But stay with me…there is a method to the madness.

    1. It’s cheaper, even with the $5 service fee. I avoid impulse purchases that occur even with a carefully prepared shopping list. I avoid the clever and insidious in-store marketing efforts. I can shop all the store specials and clearance specials online. I can see my total before I pay to be sure it’s within my budget. I can run and check the fridge or pantry to avoid ending up with, say, 4 bricks of cream cheese, which has totally never happened to me.

    2. It takes a dreaded task off my mental radar, freeing up mental room for more stuff. Who wants to fight the crowds? And it also means I don’t put off grocery shopping until we run out of food and have to order emergency pizza. Three nights in a row. Which has also totally never happened to me.

    3. It contributes to successful meal preparation at home. I have what I need on hand all the time to make home cooked meals, which, unless you are surf-n-turfing it every night, is automatically cheaper than eating out. But if you want to be even thriftier, I have heard that WalMart offers the car delivery service for free.

  • MusTallchian May 31, 2018, 4:49 pm

    It may be time for MMM to reconsider his villainous implications toward Monsanto and GMO’s in general. Using science to improve pest resilience of crops simultaneously reduces waste and conserves resources, both pillars of Mustachianism. The “natural” and “organic” food industries are often just as guilty of spouting self-interest marketing propaganda as any other. We as Mustachians are far too intelligent than to ride fear monger trains, no matter who is the conductor.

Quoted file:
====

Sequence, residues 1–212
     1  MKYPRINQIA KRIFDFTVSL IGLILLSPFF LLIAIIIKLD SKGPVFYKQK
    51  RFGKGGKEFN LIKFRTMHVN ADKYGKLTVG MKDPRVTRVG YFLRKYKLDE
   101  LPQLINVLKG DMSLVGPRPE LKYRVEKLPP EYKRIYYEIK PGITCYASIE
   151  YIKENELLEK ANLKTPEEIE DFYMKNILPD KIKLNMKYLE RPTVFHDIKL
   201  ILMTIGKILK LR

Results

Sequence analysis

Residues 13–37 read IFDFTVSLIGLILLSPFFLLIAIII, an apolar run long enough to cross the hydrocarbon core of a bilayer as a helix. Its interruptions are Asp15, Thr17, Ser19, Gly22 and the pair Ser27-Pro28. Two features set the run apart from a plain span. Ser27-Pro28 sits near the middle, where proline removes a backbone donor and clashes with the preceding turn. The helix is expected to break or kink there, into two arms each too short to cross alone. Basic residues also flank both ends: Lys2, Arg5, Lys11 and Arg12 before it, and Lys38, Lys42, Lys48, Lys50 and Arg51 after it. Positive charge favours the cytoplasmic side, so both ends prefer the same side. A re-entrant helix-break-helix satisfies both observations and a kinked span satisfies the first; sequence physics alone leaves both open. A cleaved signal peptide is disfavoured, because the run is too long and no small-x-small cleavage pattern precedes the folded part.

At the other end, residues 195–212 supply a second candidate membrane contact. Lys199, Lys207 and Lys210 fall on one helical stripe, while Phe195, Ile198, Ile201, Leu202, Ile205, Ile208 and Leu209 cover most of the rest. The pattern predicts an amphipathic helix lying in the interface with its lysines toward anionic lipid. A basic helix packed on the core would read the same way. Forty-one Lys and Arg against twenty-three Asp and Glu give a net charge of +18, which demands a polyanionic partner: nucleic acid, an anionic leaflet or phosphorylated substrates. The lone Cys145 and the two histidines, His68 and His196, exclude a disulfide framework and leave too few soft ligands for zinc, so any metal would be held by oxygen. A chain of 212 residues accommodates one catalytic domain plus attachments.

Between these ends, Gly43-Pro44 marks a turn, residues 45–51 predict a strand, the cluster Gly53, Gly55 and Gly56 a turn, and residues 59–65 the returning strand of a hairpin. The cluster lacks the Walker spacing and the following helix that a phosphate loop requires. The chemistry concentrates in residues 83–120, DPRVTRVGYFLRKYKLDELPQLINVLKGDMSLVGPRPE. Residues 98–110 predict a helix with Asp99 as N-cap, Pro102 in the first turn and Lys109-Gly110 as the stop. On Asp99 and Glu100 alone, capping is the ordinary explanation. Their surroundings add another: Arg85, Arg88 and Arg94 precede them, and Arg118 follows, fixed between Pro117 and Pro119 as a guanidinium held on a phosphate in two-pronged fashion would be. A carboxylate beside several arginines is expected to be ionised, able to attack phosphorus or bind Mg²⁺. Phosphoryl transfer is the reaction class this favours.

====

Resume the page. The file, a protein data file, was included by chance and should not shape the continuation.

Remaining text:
• Mr. Money Mustache May 31, 2018, 7:33 pm

      Yes, I fully agree, Tall. I have nothing against genetic modification or efficient farming. My issue with Monsanto is more in their track record of coverups, political lobbying, suppressing competitors with unethical means, etc.

      There are many companies that do this (even some that make products I like), but the culture of secrecy and corrupt influence is one I am always against. It seems to be more common among older and larger companies – they seem to rot after a certain date.

      • MusTallchian June 1, 2018, 4:28 pm

        Ah, I understand. Science good, corporate (preferred humorous profanity adjective) monsters bad . . . agreed!

        PS – Cannot thank you enough for starting this blog and sharing your path to freedom with the world. MMM = Nobel Prize as far as I’m concerned.

  • Anonymous September 6, 2018, 8:32 pm

    Just wanted to add my two cents about meat and produce( pun intended). For meat, we’ve done two things over the years…

    1) Make friends with hunters and fisherfolk, or become one yourself. They’re usually happy to share their catch with people who offer to help butcher or cook.
    2) Get a vacuum sealer like a Foodsaver or some such. We found one at Goodwill for a few dollars. When meat goes on sale for a super low price, we stock up, pack it all, and fill the freezer. On average we go two to three months without having to buy meat chicken or fish, and “shop” the freezer meantime.

    For produce, check out farmer’s markets and stores that carry produce from local farms…seasonal stuff will be cheaper, and two stores near us have “discount” bins filled with stuff that’s too ripe to sell and must be prepared or eaten right away, usually for around 25-50 cents a pound. We also found a CSA that sells rejected produce the stores won’t sell for cosmetic reasons.

  • Sam McInturff October 3, 2018, 6:05 pm

    If bananas went to $0.01/kg, I would get like 15kg, cut and freeze them, and add them to smoothies for the next year lol. Frozen banana improves the taste, texture and temperature of smoothies massively imo. Watch the sugar though.